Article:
... aka: Fauces (Jaws)
... aka: Grizzly 2
... aka: Grizzly: Ihmissyöjä karhu (Grizzly: Man-Eating Bear)
Robert E. Pearson
It's impossible to discuss animal attack films of the mid-to-late 70s without at least giving a customary nod to the movie that started the whole craze: Jaws (1975). The Steven Spielberg-directed phenomenon not only created the hit summer blockbuster (adjusted for inflation it is currently the 7th highest grossing film of all time), but also spawned loads of other imitations in the nature strikes back mold. One of the most successful of all these was William Girdler's killer bear flick GRIZZLY (1976), which cloned the plot and characters of Spielberg's film so closely I'm shocked they were never sued for plagiarism. Grizzly ended up grossing an impressive 39 million dollars in theaters worldwide, which was enough to make it the most profitable independent genre film of all time up to that point; a record that would be shattered just two years later by John Carpenter's HALLOWEEN (1978). Following hot on the paws of Grizzly was Claws, yet another independently-financed killer bear movie. That puts it in the unfortunate position of not only being a rip-off, but a rip-off of a rip-off. Expectations? Set 'em low. Cause even though I'm no fan of Grizzly, even I have to admit it was made far more skill than this one.
In Admiralty, Alaska, a licensed guide and two poachers encounter a couple of grizzlies fighting and shoot at them a bunch of times. One dies. The other doesn't. The still-living one then goes buck wild and starts attacking and killing anyone it can sink its claws into. Jason Monroe (Jason Evers), who has the misfortune of his truck breaking down on a back road at the same time of the grizzly shooting, is the first to encounter the bear but manages to survive the attack. Others aren't so lucky. According to the teletype-over-a-black-screen that follows, we learn that a state surveying party was attacked soon after; leaving two dead and one seriously injured. A few months after that, a couple of hikers were killed. Five long years pass without incident (that's one long - and unexplained - hibernation!), but the bear for some reason decides to return to the small town for round two. It's befitting this very low budget production that we don't actually get to see any of that stuff, but instead get to read exciting wordings like "Wounded giant grizzly turns rogue killer!" and "Satan bear has returned to the community!"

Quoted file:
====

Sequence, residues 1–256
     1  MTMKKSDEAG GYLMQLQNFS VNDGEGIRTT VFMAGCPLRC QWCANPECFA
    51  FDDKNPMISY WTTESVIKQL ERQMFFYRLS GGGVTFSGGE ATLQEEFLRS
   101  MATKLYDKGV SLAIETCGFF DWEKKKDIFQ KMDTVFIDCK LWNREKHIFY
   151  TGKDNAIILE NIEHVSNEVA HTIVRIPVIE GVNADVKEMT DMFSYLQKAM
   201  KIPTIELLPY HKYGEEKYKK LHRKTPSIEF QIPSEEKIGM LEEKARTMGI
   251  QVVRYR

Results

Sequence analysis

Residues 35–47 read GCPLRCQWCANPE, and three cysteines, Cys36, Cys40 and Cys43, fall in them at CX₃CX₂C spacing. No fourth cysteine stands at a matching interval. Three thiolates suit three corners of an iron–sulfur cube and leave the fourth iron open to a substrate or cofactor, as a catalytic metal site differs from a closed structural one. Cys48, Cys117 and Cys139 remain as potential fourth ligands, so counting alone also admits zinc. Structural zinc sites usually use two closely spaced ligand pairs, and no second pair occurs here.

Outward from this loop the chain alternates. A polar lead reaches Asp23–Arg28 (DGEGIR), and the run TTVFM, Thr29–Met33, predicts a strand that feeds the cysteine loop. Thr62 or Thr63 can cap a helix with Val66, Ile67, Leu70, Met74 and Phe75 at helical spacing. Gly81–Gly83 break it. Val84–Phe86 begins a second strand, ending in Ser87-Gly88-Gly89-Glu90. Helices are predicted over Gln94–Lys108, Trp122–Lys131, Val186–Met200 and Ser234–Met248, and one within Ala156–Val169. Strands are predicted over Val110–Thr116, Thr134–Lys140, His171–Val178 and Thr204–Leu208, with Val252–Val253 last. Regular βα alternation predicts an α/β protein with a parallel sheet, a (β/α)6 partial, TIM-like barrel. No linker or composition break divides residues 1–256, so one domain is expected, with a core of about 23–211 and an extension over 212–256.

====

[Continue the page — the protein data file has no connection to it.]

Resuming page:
We then return to Jason, who is still haunted by the bear attack all these years later. Consumed with bitterness and hate over losing function in one of his arms (which has caused him issues with his logging business), Jason's obsession with finding and killing the bear has wrecked his family life. His wife Chris (Carla Layton) has moved out and is now fucking their son's boy scout leader. Jason's grizzly rage is only intensified further when his boy Bucky (Buck Monroe) is attacked and seriously injured while out on a camping trip. Reporters show up to hassle put-upon forest commissioner Ben Chase (Leon Ames), a bunch of redneck yahoos organize a posse to try to hunt down the bear and the beast kills the sheriff (Myron Healey), the guide who originally shot at it and a couple of big city scientists who attempt to lure it into a cage with high tech infrared gadgets. There are lots of extremely hokey flashbacks from multiple characters thrown in, which are used primarily to show us the couple when they were still in love and the whole family when they were happier and are pretty pointless.